Kelly Reichardt’s Certain Women opens with a train moving slowly towards the camera. Its relentless motion announces a film borne along on a sense of the inevitable daily grind, carrying us into the heartlands of southern Montana: a place of pines and sandstone, traversed by tarmac roads that are unlit and unbordered, and spotted with small urban centres made up of flat-roofed diners and mini-malls, the names of which the film chants like an incantation: Three Forks. Glendive. Missoula. Billings. Livingston.
Certificate 12A 106m 56s
Director Kelly Reichardt
Laura Wells Laura Dern
Ryan James Le Gros
Fuller Jared Harris
Sheriff Rowles John Getz
Gina Michelle Williams
Guthrie Sara Rodier
Albert René Auberjonois
Jamie, rancher Lily Gladstone
Elizabeth Travis, ‘Beth’ Kristen Stewart
Billings, personal injury lawyer Guy Boyd
Amituana Joshua T. Fonokalafi
Against this backdrop, Reichardt offers brief glimpses into the lives of four women, whose stories feel at once unique and synecdochal. Certain Women is adapted from three short stories by the American author Maile Meloy (the first two from her 2002 collection Half in Love; the third from 2009’s Both Ways is the Only Way I Want It). In the film’s first third, Laura Dern’s lawyer is struggling with a belligerent client (Jared Harris) and coming to the end of an affair with anonymous man played by James LeGros, who in the film’s central section turns out to be Ryan, the feckless husband of local businesswoman Michelle Williams. The third and final part of the triptych (barring a gentle coda) sees newcomer Lily Gladstone as a lonely ranch-hand who stumbles on a night class taught by Beth (Kristen Stewart), with whom she strikes up a tentative friendship that may just tip into romance.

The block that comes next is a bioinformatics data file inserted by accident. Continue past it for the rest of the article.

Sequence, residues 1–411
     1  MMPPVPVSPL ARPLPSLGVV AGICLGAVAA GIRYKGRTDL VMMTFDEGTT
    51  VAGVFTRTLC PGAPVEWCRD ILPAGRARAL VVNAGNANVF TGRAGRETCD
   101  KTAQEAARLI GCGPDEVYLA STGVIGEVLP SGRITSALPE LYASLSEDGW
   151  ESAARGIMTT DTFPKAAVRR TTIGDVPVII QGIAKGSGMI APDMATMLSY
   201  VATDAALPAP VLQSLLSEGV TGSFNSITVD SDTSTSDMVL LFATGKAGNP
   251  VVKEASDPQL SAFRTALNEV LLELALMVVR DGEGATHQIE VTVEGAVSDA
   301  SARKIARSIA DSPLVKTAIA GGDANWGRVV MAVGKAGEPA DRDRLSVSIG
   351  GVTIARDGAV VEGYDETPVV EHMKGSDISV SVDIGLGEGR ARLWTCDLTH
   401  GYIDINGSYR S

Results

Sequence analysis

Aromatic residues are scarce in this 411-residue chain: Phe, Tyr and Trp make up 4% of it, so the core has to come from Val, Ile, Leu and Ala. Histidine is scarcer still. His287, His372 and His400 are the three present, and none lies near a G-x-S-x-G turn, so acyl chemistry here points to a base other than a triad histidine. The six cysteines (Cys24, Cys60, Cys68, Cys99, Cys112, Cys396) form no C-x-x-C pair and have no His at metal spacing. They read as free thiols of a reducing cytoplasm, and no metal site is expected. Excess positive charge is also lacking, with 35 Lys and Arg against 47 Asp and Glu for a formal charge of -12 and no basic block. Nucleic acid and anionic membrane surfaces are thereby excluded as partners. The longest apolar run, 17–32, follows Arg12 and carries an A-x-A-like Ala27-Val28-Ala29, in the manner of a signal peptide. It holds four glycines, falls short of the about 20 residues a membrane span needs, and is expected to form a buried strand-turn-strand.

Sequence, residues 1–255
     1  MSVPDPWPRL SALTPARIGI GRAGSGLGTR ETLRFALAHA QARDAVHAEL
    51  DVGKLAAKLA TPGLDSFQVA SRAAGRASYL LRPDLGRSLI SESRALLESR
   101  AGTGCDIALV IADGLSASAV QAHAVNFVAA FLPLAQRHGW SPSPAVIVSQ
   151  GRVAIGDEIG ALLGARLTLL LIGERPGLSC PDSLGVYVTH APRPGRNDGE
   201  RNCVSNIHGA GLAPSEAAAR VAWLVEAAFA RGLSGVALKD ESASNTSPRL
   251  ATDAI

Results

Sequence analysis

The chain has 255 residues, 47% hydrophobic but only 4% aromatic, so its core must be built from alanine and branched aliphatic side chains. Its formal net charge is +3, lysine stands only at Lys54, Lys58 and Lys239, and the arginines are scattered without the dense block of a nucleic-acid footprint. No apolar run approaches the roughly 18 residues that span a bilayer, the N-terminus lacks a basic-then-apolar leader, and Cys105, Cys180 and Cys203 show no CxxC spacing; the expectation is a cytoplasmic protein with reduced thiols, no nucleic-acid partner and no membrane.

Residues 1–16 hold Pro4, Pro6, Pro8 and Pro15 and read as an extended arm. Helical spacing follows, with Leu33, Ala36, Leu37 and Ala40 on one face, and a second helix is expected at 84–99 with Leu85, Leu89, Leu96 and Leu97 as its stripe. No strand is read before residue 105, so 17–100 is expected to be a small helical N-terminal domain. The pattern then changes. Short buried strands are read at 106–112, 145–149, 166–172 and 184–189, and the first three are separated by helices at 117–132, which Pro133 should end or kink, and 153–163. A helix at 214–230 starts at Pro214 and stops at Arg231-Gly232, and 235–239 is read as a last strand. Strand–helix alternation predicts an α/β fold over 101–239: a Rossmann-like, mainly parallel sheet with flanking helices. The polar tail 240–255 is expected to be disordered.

These stories are loosely connected, but it is the parallels between them, rather than the intersections, that underscore the isolation of these women, the exhaustion that has become second nature, their stoicism. One senses these are women whose shoes hurt them. Yet how lovely it would be, as Laura Dern’s lawyer puts it, to be a man: a person to whom people would listen and say OK. How restful.
The line is transposed from Meloy’s third-person narrative and placed in Dern’s mouth. Reichardt is remarkably faithful to the both the letter and the spirit of Meloy’s elegant, economical prose. They are a perfect fit: two artists able to conjure whole worlds with mere sketches.
Reichardt does make some changes to her source material, though, the most substantial of which is the substitution of Gladstone’s anonymous Native American woman for the male ranch hand called Chet who is the hero of Meloy’s short story Travis, B. – a move that keeps female experience, including queer experience, front and centre. But smaller details matter, too. The addition of Gina and Ryan’s daughter Guthrie (for Montana writer Alfred?), of Ryan’s affair and the fact that he works for Gina, not vice-versa, all add to the weight of women’s burdens.
The cinematography is breathtaking: shot on 16mm by Reichardt’s regular collaborator Christopher Blauvelt too. It’s as if Certain Women is the apex of a transition Reichardt has been making from the portrait (in films such as Old Joy and Wendy and Lucy) to the panoramic (Meek’s Cutoff, Night Moves). The daily struggles of its four protagonists seem to spill out into the landscape. Or perhaps they are carved from the stone of the looming Rocky mountains. That’s the impression one gets looking at Lily Gladstone’s broad, watchful face or Laura Dern’s tense, braced shoulders.
Powerful, focused, nervy, lean. Certain Women is a work of art produced by a director in full control of her material. It leaves you reeling. Coming out of the cinema, I found myself looking at the women around me and wondering what their stories were. The actresses are all marvellous in their roles. Gladstone gives the standout performance, but Williams is excellent at conveying barely contained frustration in what is arguably the most tricky of the four main parts. They know to keep their counsel, these women: know the importance of restraint, silence, of knowing when to speak and when to act and when to stay still. So, too, does Reichardt.